When looking at the opportunities offered, then one turns almost inevitably back to the question of information. How much easier is it now to access information! A single keyword typed in to a search engine like Google (but let us face it, there is actually no search engine like Google when it comes to quality of performance) can deliver a cornucopia within milliseconds. Yet we all know too that such information can be highly different in quality. Ironically it is the knowledgeable person who gains most here, since scholarly practice familiarised him or her with the process of sifting and critically evaluating large bodies of information. Even such seasoned explorers, however, give up thanks for the increasing number of sites compiling accurate well-researched material. In the visual arts there are textual indicators as there are for other historical studies – such as the Inventory of Artists Papers in the UK. As yet there are far too few actual art texts available online – something that contrasts strongly with historical and literary studies. I have myself been involved in recent years in putting up Hogarth's Analysis of Beauty – which is viewable on the Birkbeck College website. I do hope that art historians will join in making more and more classic texts available online – particularly those that are not readily available these days in modern editions. But the key area for the visual arts is of course the visual archive. Here we have seen great strides in recent years, both in collections making their images available online – such as the Tate Gallery in London which has a full text listing of their holdings and the vast majority of its images. Equally impressive are those collections put together by consortia of museums, such as the American group AMICO. While the Tate website is free, AMICO make a charge – though one that seems to me to be a highly reasonable one. Yet this does lead to other benefits. While the quality of reproductions on the Tate website is limited to that which is useful only as a screen display, AMICO give you images that can be useful for more thorough exploration. The quality of information provided, too, is far more scholarly than that given by the Tate, which is aimed more at a general public. There are also equally important virtual collections, such as that of the Corpus Vitrearum Medii Aevi. This aims to give a comprehensive and international inventory of medieval stained glass windows (an art form, incidentally, uniquely well suited for screen display because of its transparency). While the information provided by the Tate is limited, this shows the highest scholarly standards. Such a work will surely in time render the printed catalogue raisonné obsolete – the more so since the online catalogue can be instantly updated.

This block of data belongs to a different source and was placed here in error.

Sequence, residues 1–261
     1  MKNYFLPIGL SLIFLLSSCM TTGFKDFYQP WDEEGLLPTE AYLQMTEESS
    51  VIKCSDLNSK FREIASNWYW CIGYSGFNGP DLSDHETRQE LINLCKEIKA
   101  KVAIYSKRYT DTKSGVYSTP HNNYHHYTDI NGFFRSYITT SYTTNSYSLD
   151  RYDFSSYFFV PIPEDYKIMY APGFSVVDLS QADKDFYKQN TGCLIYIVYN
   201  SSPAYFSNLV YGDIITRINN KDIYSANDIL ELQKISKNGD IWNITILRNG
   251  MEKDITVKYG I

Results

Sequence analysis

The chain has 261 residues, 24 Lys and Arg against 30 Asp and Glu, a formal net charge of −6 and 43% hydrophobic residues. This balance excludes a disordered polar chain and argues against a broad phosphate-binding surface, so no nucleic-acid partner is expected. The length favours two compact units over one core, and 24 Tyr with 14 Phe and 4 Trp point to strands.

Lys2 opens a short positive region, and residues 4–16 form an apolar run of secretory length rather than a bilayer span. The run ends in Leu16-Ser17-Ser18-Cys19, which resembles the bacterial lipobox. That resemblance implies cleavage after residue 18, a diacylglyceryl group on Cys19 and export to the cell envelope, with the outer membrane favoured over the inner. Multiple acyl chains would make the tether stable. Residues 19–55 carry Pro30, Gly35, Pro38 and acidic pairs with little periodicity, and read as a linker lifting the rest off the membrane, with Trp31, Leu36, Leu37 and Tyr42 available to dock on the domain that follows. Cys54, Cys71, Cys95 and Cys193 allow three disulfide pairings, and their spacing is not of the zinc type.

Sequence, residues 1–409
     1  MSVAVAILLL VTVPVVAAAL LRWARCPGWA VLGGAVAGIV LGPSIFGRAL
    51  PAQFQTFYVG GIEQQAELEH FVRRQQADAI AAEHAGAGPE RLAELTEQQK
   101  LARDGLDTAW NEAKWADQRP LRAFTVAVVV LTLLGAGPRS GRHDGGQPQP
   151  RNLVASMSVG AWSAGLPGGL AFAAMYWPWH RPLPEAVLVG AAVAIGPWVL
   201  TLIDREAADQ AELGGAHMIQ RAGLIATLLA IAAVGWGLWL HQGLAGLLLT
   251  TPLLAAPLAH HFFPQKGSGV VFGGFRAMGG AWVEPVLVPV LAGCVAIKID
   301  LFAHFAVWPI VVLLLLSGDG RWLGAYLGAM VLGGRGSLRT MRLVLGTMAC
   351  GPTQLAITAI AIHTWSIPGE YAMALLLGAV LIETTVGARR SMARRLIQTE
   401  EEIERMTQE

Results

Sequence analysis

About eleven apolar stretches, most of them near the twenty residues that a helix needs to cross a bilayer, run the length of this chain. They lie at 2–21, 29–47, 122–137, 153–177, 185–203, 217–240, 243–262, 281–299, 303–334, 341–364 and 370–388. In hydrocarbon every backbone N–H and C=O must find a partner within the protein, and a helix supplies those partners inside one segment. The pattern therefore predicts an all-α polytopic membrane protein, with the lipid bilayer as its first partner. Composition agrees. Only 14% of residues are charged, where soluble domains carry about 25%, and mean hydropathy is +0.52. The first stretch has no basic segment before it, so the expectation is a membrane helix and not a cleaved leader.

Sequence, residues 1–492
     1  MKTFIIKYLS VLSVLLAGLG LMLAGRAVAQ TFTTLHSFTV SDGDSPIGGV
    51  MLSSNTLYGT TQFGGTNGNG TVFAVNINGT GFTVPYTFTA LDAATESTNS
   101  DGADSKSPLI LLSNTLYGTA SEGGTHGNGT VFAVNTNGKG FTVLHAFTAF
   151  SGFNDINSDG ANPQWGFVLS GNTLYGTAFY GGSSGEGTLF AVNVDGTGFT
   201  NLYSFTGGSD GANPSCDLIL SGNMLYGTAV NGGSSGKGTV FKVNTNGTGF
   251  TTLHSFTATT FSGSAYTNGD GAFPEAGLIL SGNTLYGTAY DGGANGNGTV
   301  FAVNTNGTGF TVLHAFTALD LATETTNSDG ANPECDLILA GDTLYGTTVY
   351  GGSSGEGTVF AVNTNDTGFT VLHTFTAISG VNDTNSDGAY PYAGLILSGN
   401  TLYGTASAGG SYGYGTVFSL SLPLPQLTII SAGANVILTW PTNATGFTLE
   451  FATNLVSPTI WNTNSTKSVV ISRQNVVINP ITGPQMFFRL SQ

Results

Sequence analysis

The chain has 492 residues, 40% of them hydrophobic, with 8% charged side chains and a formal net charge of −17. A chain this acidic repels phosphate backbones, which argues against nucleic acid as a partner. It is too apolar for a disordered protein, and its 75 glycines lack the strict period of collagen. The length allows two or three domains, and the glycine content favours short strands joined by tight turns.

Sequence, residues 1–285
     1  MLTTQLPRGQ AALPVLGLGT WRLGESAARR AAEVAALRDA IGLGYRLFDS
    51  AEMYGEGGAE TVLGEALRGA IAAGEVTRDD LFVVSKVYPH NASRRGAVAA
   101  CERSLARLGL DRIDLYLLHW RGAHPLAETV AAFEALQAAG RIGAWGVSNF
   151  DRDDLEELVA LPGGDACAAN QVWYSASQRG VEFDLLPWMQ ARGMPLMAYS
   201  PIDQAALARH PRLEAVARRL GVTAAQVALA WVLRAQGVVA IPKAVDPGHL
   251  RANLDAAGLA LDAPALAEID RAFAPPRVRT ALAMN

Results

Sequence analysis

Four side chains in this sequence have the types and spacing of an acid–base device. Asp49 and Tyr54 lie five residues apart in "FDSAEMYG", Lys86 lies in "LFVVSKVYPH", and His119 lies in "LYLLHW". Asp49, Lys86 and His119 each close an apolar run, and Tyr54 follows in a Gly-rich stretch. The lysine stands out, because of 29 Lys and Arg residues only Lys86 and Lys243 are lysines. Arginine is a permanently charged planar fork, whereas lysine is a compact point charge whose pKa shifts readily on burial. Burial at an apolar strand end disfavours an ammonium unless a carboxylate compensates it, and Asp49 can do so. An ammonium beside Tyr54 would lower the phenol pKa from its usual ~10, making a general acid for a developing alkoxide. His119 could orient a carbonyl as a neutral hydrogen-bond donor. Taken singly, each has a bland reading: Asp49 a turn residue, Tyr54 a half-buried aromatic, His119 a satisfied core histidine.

All this is heartening, but there does, perhaps, remain one unsettling question in connection with such projects. This is the question of durability. In theory the digital image has an indefinite life. The code that creates it does not decay.
However, such code is dependent for its survival and communicability on the electronic processes that store it and perform it. How reliable are such processes? An Egyptian hieroglyph, carved on a wall or even inscribed on a parchment scroll remains readable to this day, thousands of years after it was made. How long will a digital record last? When our civilization follows the course of all previous ones and meets its end (either by catastrophe or decay), how will it be possible for future beings to gain any kind of access to the information that we have been storing in our idiosyncratic and highly vulnerable machines? There may be an answer to this question, but it is unlikely that we will be around to find out what it is.
Excerpted from Digital Art History by Anna Bentkowska-Kafel, Trish Cashen, Hazel Gardiner. Copyright © 2005 Intellect Ltd. Excerpted by permission of Intellect Ltd.